DFID’s policy on orphanages is not to fund those establishments. On my right hon. Friend’s point about whether UK legislation, which has led the world in tackling the terrible issue of trafficking, should be amended, we will certainly be discussing that with Home Office colleagues.
Does the Minister agree that one of the most disruptive things in a family’s education is when a member of that family is killed by the greatest epidemic of our times—unnecessary, preventable road deaths, which kill 1.3 million people a year on our planet?
I pay tribute to the hon. Gentleman for his amazing work as a United Nations envoy on this important issue. It is important not only that children can go to school but that they can get to school safely. That is why DFID funds a range of different programmes to tackle the problem.
UK Aid Match Fund
So far, UK Aid Match has provided more than 100 grants benefiting more than 24 million people in 22 countries.
I thank the Secretary of State for that response. Will she outline how UK Aid Match funding is allocated to ensure that projects on the ground are receiving the dividends of the generous spirit of so many in the UK? What is being done to ensure that not a penny goes to militarily active groups in any way, shape or form?
UK Aid Match is a competitive process. We select the strongest appeals and projects, and I can assure the hon. Gentleman that not a penny goes to military groups.
Does the Secretary of State agree that Aid Match is a vital method for building support for international development among the UK public, as it allows them a genuine say over where and how the aid budget is spent?
I completely agree with my hon. Friend. Some 89% of the public believe that helping developing nations is a good thing to do, and I know that they support the Aid Match programme.
Tackling modern slavery is a priority for DFID. We are expanding our work in developing countries through £40 million of new programming that will reach at least 500,000 people at risk of slavery. Today, my right hon. Friend the Secretary of State is announcing £3 million of new funding to tackle child exploitation in the Commonwealth.
Libya has become a hub for human traffickers who exploit migrants and refugees attempting to make their way to Europe. That has left thousands of women the victims of horrendous abuse. What discussions has my right hon. Friend had with the Libyan Government of National Accord to bring traffickers to justice and to end that abuse?
As good fortune would have it, the recess took me to Libya, to Tripoli, where I met the Prime Minister, the Minister for Justice and the Minister for the Interior. We did indeed discuss the difficulties relating to trafficking that my hon. Friend mentions. We are supporting the Libyan Government with capacity building. We are also working on a £75 million programme to try to deter migrants from moving from sub-Saharan Africa where they might be at risk on that route. It remains an important issue for us and the Government of National Accord in Libya.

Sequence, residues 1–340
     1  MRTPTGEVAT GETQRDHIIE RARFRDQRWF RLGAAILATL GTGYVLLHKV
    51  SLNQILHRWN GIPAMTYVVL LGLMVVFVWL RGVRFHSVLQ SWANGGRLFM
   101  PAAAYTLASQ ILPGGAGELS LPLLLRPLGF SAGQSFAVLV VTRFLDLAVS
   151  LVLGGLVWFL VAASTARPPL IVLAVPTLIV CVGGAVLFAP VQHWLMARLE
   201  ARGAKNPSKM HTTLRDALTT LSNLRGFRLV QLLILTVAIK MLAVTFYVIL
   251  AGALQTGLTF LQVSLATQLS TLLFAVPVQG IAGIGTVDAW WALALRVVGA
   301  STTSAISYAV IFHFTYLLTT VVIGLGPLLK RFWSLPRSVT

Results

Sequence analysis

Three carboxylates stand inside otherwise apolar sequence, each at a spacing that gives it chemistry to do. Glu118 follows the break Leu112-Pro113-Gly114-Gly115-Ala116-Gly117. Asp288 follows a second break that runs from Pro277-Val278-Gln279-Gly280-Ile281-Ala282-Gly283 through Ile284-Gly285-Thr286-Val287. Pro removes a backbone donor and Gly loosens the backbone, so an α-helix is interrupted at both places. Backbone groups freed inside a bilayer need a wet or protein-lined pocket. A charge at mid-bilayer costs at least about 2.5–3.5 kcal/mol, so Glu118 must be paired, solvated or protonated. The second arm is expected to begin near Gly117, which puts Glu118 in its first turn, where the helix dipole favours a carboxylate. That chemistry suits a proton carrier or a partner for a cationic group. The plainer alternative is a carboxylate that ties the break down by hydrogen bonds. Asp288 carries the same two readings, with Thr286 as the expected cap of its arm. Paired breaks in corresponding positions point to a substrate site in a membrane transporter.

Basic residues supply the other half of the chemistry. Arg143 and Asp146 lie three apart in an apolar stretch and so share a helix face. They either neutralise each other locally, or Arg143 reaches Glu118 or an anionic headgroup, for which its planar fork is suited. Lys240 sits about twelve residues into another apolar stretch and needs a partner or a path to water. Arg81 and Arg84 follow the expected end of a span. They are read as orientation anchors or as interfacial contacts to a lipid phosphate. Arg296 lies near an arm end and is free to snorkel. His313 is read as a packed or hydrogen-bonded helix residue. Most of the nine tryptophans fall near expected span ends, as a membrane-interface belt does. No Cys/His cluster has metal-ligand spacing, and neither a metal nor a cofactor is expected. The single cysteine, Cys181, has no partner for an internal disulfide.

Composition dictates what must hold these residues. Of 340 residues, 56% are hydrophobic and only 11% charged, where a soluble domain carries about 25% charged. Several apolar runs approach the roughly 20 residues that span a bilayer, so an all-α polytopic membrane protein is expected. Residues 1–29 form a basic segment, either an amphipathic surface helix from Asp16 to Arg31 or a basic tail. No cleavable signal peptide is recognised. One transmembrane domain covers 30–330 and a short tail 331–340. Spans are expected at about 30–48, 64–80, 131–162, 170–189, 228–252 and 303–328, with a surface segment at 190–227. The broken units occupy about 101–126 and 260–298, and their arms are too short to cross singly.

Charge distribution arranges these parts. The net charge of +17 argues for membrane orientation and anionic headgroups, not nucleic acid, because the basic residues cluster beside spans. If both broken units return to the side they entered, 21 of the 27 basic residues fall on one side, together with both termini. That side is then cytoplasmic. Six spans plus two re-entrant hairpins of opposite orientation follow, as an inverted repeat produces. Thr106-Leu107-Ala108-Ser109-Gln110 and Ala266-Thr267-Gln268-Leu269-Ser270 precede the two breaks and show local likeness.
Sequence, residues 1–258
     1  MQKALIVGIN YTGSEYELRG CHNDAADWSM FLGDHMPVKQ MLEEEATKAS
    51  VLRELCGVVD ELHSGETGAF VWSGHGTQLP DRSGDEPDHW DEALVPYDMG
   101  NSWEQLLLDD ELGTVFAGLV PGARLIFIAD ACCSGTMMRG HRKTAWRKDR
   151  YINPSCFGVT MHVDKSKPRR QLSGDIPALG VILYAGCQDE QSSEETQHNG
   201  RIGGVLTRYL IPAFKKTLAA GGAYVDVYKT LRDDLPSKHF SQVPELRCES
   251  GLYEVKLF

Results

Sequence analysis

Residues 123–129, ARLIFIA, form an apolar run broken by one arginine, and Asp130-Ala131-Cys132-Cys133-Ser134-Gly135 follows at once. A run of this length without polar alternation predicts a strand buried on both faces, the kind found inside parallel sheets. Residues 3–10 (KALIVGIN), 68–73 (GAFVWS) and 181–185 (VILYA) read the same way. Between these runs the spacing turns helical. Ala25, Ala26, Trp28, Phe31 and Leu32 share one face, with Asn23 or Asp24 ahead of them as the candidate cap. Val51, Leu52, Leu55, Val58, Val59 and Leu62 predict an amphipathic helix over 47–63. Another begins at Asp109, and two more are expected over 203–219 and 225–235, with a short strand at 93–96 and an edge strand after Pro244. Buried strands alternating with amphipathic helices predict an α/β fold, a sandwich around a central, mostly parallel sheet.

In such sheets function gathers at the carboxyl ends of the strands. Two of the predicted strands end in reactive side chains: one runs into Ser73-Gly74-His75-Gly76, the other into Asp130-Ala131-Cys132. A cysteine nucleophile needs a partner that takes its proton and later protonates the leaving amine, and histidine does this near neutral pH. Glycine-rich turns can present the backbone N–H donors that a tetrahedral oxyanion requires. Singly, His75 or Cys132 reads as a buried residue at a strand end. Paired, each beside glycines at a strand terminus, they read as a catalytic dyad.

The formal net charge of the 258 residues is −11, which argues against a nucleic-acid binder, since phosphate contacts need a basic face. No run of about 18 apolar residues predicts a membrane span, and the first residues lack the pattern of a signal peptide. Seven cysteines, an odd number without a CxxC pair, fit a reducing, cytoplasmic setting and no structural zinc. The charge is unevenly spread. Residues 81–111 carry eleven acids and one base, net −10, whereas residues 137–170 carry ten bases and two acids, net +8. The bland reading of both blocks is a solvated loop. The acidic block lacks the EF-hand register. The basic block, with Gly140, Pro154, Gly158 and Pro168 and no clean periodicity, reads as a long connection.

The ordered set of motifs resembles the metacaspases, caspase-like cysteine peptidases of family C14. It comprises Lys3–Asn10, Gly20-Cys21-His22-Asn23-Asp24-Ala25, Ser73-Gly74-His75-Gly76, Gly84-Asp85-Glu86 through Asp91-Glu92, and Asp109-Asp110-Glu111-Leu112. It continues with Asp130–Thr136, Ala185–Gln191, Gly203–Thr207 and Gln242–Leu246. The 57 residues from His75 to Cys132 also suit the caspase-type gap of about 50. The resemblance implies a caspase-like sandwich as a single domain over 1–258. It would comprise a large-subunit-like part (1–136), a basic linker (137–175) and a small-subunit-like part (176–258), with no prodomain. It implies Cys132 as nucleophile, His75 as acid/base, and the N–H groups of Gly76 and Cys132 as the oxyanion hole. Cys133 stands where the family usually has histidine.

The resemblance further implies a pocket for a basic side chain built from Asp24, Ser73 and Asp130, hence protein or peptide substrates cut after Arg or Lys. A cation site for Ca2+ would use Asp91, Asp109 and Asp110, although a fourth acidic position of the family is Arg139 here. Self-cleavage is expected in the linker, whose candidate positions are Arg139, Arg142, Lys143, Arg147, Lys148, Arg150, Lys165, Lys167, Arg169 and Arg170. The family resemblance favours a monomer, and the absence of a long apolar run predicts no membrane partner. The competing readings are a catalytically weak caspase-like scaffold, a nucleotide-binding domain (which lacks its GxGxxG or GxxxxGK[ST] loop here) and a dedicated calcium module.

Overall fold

Section 54 of the Modern Slavery Act 2015 requires British companies with a turnover of £36 million to make declarations of actions that they are taking to reduce modern-day slavery, yet by their own admission, the Government neither keep a record of companies that should make a declaration nor monitor those that have done. What action is the Minister taking with his Government colleagues to make sure that British companies are not unwittingly perpetuating modern-day slavery?
I thank the hon. Gentleman for his question. We are setting up a new business hub to try to ensure that companies accept their obligations in that regard, and we will be working hard with them to make sure that they do.
Technology: Developing Countries
Our investments in technologies are saving and changing lives all over the world. Half of DFID’s £397 million annual research budget is focused on new technologies in developing countries in the health, agriculture, climate, clean energy, water, education and humanitarian response sectors.
Over the years, I have been fortunate to see at first hand how some of our aid budget has helped to develop technologies and engineer solutions that have changed people’s lives around the world. Can the Minister tell the House, however, whether any of the technologies that have been invented using our aid budget have been of direct benefit to people here in the UK?
I welcome the interest of the former Chair of the Science and Technology Committee in this important work and commend the Committee to hear from the team involved, because there are a range of different examples. Diseases know no boundaries, and the UK’s development of a test for TB is a good example.
Wales and Lesotho share the precious asset of water. Will the Minister support my initiative to bring together Welsh Water— the not-for-profit water company in Wales—and the Government of Lesotho to work on providing technological solutions to the problems that we share?
That is a wonderful example of the way in which Welsh Water and Lesotho water companies can work together to ensure that everyone has access to clean water.
We are running out of time—in a single sentence, Vicky Ford.